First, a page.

Reconstructing faces from brain waves

Jul 18, 2017

Researchers attached electrodes to neurons in monkeys, showed them pictures of faces, and then reconstructed the faces reading brain waves.

After decades of work, scientists at Caltech may have finally cracked our brain’s facial recognition code. Using brain scans and direct neuron recording from macaque monkeys, the team found specialized “face patches” that respond to specific combinations of facial features.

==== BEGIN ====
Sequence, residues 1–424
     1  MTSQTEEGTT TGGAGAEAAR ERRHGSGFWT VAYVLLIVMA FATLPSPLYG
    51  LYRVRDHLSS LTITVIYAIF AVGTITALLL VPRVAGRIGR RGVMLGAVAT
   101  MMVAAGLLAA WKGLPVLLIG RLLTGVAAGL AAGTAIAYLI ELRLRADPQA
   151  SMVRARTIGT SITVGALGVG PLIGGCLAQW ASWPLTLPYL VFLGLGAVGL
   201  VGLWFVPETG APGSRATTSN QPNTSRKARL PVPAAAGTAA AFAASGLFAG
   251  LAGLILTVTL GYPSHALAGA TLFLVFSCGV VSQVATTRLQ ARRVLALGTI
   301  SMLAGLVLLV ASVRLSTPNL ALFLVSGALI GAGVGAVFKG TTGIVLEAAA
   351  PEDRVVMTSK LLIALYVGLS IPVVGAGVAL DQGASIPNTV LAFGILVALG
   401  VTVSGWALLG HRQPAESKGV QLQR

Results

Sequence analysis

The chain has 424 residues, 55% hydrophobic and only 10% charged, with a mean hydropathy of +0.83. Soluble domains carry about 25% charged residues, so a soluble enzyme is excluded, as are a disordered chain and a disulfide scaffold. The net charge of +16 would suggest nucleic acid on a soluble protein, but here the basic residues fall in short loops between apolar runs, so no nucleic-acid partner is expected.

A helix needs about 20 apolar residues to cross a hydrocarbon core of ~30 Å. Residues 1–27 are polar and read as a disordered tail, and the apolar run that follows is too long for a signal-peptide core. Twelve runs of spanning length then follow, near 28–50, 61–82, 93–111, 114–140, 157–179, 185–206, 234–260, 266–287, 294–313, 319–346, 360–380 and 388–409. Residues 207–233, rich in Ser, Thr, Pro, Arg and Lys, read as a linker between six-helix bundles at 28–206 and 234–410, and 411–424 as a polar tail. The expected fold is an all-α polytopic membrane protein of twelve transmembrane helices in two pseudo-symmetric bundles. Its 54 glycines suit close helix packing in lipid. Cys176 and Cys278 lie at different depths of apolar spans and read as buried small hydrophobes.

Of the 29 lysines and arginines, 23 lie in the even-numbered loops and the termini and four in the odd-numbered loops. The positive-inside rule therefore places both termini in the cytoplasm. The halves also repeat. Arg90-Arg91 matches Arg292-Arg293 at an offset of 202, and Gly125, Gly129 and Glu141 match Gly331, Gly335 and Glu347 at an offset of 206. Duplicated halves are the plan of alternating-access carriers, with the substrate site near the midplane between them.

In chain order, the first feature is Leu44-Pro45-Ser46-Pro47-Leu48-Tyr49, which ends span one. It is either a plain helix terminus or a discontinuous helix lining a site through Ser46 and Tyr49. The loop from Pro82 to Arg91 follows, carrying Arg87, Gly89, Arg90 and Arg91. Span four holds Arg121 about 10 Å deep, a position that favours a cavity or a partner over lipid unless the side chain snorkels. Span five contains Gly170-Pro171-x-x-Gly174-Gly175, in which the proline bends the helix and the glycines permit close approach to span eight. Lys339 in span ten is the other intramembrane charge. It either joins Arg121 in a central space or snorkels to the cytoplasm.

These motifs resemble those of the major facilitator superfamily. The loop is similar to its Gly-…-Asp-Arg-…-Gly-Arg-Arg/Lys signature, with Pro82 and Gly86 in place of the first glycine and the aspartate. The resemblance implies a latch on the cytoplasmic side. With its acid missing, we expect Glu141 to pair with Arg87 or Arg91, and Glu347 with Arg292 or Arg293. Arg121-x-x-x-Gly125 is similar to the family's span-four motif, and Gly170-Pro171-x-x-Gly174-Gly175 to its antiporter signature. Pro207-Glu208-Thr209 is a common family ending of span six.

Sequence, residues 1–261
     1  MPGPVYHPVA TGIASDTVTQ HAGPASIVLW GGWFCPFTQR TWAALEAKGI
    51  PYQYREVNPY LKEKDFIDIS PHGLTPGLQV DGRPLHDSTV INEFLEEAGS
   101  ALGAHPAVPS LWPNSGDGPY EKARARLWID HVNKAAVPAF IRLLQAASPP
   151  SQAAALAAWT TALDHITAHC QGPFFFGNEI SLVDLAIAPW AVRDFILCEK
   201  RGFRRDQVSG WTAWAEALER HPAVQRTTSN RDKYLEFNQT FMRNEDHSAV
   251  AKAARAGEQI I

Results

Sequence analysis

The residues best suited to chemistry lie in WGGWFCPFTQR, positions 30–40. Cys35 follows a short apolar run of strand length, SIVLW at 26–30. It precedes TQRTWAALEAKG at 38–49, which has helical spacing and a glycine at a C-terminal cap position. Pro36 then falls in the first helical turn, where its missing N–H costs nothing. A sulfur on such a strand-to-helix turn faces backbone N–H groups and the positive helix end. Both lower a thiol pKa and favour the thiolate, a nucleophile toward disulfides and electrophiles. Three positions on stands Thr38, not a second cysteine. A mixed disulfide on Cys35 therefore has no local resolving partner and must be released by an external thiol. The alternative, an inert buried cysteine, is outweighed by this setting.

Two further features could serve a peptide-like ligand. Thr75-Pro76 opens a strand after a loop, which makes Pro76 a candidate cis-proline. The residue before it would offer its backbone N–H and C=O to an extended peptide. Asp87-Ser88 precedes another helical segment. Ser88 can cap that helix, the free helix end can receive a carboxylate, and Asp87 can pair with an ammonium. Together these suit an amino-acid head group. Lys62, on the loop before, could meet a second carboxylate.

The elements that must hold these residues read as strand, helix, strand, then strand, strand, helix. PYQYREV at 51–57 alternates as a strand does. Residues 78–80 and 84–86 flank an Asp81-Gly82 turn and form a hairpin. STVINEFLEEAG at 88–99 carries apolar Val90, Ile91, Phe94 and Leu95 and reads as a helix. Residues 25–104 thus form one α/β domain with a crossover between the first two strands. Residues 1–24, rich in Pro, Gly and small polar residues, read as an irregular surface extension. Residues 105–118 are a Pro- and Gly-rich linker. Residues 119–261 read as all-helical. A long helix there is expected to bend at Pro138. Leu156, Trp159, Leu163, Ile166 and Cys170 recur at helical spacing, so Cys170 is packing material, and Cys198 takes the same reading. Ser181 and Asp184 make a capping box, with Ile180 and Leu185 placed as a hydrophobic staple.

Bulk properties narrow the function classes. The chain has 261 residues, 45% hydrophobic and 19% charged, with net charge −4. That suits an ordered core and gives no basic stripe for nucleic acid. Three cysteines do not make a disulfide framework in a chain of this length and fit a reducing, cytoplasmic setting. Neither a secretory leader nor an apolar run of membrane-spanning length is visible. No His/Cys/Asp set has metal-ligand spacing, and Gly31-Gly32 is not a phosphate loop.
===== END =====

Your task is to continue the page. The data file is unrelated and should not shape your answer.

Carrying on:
Like dials on a music mixer, each patch is fine-tuned to a particular set of visual information, which then channel together in different combinations to form a holistic representation of every distinctive face.

There are so many ways this could be used irresponsibly, but to be honest, tech-enhanced photographic memory sounds kind of awesome.

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